Most early-game weapons are semi-automatic, pump-action or bolt-action though. Not a bad thing per se, but sometimes what you need is just a whole bunch of lead down range as quickly as possible. The SMG’s are a great way to get fully automatic while not having to spend too much money. They’re great in tight spaces and have very minimal recoil. The downside is that you’re mostly firing 9×19 rounds; cheap but fairly low penetration.
But the point is that appearances can be deceptive; a small MP5 may not seem that powerful, but with close to a thousand rounds per minute it can shred armor and the people wearing it quite easily. Even a disgusting looking civilian grade (semi-automatic) AK with the dust cover and stock missing is often a better choice than a pistol. Point being: even if it looks like a Nerf gun, with some solid aim and intelligent positioning even these cheap options are deadly.
Kalashnikov for life
After you’ve finally climbed out of the poor echelon of Tarkov, you should be looking at Mother Russia’s pride: the Автома́т Кала́шникова, a.k.a. the AK. Like we said in the intro, there’s a bunch of variants in this Russian-made game. Picking the right one is important, but whichever you choose, you should be fine (again, provided you’re using good ammo).
The 7.62×39 AKM-variants are the most powerful of the bunch, but you do sacrifice some control as it kicks like a mule. Nothing a few mods can’t fix though! The AK-74’s in Tarkov are a little less powerful as they fire 5.45×39, a much smaller round that generally does less damage, but penetrates armor a bit easier. All smaller AKS-variants pack the punch of a regular AK 74, but come in a smaller form factor. That means easier manipulation in close quarters, a slightly lower price point but obviously also quite some extra recoil.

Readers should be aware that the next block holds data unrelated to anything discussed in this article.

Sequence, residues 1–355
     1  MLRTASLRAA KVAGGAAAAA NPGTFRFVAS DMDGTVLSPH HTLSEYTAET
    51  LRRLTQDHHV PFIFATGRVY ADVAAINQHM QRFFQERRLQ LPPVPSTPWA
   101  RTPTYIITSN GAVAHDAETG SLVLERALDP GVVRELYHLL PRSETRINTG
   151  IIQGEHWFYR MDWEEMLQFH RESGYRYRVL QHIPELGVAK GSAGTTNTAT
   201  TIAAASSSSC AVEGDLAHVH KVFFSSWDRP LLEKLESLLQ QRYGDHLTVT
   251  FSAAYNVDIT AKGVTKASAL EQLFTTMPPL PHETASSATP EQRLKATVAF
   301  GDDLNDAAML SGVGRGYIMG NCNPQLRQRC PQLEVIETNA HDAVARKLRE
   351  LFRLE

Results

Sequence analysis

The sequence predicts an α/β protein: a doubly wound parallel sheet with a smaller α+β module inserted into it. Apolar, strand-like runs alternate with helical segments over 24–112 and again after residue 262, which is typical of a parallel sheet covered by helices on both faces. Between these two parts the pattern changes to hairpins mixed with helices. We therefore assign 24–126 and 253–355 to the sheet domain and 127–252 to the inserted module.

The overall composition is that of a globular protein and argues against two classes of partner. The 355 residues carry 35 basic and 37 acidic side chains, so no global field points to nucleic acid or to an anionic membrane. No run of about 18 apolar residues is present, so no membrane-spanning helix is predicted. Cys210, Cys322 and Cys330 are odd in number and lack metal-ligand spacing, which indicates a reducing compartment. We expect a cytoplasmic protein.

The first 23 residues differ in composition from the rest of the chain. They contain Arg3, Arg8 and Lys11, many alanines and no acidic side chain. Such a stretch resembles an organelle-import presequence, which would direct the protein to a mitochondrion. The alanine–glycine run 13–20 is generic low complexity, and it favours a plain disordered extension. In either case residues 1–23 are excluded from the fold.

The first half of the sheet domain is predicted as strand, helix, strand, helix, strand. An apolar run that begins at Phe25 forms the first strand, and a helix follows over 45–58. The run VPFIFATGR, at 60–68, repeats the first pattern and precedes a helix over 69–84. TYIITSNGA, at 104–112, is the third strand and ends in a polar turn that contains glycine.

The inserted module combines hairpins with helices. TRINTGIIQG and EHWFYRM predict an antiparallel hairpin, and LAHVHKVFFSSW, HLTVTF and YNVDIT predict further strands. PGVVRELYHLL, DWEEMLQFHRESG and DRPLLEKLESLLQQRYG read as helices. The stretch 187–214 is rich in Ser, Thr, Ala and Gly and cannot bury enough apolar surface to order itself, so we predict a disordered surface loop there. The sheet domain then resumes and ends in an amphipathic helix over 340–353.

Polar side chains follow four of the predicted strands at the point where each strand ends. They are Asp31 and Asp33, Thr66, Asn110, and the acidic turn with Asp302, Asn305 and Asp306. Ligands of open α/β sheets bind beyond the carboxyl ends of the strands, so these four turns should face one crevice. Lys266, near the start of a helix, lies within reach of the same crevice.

Lastly in the realm of AK’s, there’s two civilian-grade ones and a 5.56 NATO AK. Starting with the first two, the Vepr 136 and 209 look very similar. They’re both semi-automatic AK-like weapons (all the AK mods are compatible), but while the 136 fires the powerful 7.62 AKM round, the 209 uses .366 TKM. That’s a howitzer round versus a Nerf dart. Still, even a Nerf dart is usually a one-shot when you hit them in the head!
Guns from the US of A
Besides all the Russian weaponry there’s plenty of European and American guns to choose from in Escape from Tarkov. These are generally speaking a little more expensive though. Firearms like the Austrian P90 submachine gun, German MP7, the American-made FAL, and the iconic Colt M4A1 are just a few of your high-end option. They shred targets like butter but their respective ammunition is something mostly exclusive for the rich, high leveled players.
An integral part of being ‘good’ at EFT is knowing what’s worth what and how it performs in different situations. For the time being, knowing your pistols, shotguns, semi-automatic rifles, lower-tier submachine guns and AK’s will get you a long way. Experiment with different weapons and learn their weaknesses and strengths. Once you get some money built up and start to get a feel for certain weapons, you could begin modding them and maximizing your investments. Oh yeah, and did we mention you almost always want to go for the head?
We’ve got a whole slew of EFT guides coming up. We plan to cover Loadouts, detailed Scav Raids, Ammo, Weapon Modding, Inventory Management, Psychology Management, Healing and much more. Stay tuned!